RoHS Poses an Ethical Dilemma for Some Engineers
It’s the ultimate Catch-22 for design engineers: Comply with RoHS and risk the long-term reliability of their products in some cases. Or break the law.
Some design engineers in the U.K. have privately admitted to me that their designs currently are not in compliance with RoHS regulations, for fear that lead-free alternatives may lead to lower quality and premature failure of their products in the field.
One engineer, whose company makes LED lighting products, says that his engineering team initially investigated alternative lead-free solders, rejecting them one-by-one because of defects. Given that the company’s products are used outdoors and the specs call for extremely high reliability and a long life expectancy, they applied for an exemption before RoHS regulations went into effect.
Since then, he says there’s been nary a peep out of any RoHS representative regarding that exemption. Approved? Disapproved? It’s a mystery. Nor have any inspectors been around.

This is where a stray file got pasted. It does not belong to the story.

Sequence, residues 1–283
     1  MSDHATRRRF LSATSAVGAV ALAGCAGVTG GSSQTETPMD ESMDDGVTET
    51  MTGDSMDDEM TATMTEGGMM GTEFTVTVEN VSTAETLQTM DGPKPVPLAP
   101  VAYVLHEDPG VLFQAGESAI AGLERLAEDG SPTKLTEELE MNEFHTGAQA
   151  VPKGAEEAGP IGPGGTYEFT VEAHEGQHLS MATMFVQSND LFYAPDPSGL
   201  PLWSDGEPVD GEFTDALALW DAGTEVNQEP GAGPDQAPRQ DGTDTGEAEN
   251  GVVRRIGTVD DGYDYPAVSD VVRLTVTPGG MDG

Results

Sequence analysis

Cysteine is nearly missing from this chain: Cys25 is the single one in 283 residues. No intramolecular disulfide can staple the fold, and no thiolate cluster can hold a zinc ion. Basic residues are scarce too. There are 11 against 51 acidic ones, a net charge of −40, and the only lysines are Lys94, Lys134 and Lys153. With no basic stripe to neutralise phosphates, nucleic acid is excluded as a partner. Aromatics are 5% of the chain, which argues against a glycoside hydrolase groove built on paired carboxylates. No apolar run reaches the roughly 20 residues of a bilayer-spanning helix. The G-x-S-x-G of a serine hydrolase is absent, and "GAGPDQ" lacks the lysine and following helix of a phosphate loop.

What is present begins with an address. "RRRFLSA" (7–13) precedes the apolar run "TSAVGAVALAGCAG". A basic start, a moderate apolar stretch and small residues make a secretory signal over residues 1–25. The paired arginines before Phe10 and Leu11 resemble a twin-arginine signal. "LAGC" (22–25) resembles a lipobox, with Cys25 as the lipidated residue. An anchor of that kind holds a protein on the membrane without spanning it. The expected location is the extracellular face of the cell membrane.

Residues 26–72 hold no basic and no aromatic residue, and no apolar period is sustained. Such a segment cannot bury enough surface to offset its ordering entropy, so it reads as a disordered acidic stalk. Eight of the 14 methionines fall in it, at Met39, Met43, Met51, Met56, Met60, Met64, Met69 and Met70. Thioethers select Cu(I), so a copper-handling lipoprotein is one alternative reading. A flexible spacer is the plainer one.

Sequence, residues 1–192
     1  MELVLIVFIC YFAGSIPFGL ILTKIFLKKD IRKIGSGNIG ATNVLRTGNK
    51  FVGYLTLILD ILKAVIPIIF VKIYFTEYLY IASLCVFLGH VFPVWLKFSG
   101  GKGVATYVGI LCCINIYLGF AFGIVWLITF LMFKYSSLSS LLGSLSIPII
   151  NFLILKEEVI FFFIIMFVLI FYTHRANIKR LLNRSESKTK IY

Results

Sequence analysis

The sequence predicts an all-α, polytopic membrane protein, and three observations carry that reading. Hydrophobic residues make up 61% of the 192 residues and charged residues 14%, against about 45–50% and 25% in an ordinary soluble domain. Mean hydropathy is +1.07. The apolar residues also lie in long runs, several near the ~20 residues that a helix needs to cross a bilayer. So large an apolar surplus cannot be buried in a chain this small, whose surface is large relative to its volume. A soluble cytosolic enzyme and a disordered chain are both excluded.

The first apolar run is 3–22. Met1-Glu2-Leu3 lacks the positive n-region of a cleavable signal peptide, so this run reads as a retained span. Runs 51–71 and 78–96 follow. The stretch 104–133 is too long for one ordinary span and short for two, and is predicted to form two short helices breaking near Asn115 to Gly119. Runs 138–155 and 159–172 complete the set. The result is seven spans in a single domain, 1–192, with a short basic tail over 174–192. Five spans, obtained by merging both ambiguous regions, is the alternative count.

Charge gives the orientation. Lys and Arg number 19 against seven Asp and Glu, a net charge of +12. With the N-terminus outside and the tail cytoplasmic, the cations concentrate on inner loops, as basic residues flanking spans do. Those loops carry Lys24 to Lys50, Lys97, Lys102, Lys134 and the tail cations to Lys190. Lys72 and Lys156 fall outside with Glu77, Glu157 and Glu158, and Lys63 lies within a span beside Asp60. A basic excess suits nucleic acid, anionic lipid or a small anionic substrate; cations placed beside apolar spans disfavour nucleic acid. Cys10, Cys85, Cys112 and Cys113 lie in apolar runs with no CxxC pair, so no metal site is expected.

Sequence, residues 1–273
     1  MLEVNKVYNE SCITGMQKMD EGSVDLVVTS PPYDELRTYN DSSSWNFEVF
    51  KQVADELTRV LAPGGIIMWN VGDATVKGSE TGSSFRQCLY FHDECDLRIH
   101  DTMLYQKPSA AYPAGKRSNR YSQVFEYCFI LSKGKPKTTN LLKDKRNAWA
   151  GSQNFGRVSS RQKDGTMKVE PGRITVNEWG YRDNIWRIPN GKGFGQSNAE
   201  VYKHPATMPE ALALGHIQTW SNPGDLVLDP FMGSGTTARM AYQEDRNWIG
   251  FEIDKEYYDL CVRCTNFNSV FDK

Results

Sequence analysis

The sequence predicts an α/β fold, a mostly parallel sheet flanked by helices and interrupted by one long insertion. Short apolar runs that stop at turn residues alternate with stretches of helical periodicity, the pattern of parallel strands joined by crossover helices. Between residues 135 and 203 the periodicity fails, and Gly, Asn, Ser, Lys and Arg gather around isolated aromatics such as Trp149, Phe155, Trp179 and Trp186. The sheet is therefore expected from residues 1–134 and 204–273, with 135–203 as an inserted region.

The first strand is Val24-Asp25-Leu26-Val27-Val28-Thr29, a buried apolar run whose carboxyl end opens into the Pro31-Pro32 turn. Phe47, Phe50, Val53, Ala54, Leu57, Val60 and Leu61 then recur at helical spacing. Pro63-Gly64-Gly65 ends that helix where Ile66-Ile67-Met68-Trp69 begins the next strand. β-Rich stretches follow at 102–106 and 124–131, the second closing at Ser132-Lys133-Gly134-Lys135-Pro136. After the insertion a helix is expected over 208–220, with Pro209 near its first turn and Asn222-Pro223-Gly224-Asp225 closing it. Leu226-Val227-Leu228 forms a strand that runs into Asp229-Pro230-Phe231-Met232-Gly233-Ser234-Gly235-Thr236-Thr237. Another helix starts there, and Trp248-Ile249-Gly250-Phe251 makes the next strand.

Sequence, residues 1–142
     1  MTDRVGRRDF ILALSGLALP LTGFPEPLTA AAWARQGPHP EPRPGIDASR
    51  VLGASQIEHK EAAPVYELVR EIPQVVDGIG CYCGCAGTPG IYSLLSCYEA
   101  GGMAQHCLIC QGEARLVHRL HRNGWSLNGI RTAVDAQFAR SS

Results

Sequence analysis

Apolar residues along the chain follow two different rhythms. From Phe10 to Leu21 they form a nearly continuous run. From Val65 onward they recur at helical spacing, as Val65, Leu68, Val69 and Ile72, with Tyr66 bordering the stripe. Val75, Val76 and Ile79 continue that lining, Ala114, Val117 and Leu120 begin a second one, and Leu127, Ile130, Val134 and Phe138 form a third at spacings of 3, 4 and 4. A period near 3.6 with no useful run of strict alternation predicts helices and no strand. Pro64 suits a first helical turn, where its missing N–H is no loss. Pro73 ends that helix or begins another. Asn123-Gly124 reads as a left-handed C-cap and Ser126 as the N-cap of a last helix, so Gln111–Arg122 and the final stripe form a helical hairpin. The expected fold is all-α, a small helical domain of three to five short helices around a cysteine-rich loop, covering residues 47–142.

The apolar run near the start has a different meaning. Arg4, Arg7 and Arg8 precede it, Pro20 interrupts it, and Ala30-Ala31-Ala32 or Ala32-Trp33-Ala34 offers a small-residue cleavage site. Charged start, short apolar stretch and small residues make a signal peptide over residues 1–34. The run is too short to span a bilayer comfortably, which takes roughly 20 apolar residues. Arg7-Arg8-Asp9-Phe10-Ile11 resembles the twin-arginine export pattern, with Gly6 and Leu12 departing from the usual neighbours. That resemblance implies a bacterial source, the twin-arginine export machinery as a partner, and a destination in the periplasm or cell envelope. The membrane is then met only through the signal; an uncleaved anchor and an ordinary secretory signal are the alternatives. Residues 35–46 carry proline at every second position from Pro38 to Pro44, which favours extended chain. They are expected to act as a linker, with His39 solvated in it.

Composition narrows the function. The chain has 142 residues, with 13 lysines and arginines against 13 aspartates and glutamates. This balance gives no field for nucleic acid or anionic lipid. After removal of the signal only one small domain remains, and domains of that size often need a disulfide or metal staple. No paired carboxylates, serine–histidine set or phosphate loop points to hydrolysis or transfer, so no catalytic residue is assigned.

“It’s senseless, really,” he says. “I’m a good law abiding citizen. But when I’m being asked to do something to make my products unreliable, it strikes such alarm bells that I can’t go along with it. I feel that strongly about it.”
So for now, this design engineer just waits and wonders.
As to what’s going on regarding enforcement of the regulation, in October 2007, EETimes reported on the industry’s first prosection for violation of RoHS and went on to discuss UK enforcement practices:
“The prosecution was in the UK at the end of September. The unnamed company was charged with marketing lead-containing products in contravention of the Directive. Although the case was settled with the UK compliance authority out-of-court without financial penalty, a documented warning was issued that would support legal action in the case of further violations.
Generally the UK has been taking a cooperative rather than heavy-handed approach to enforcement.”
The article does go on to say, though, that enforcement is stepping up.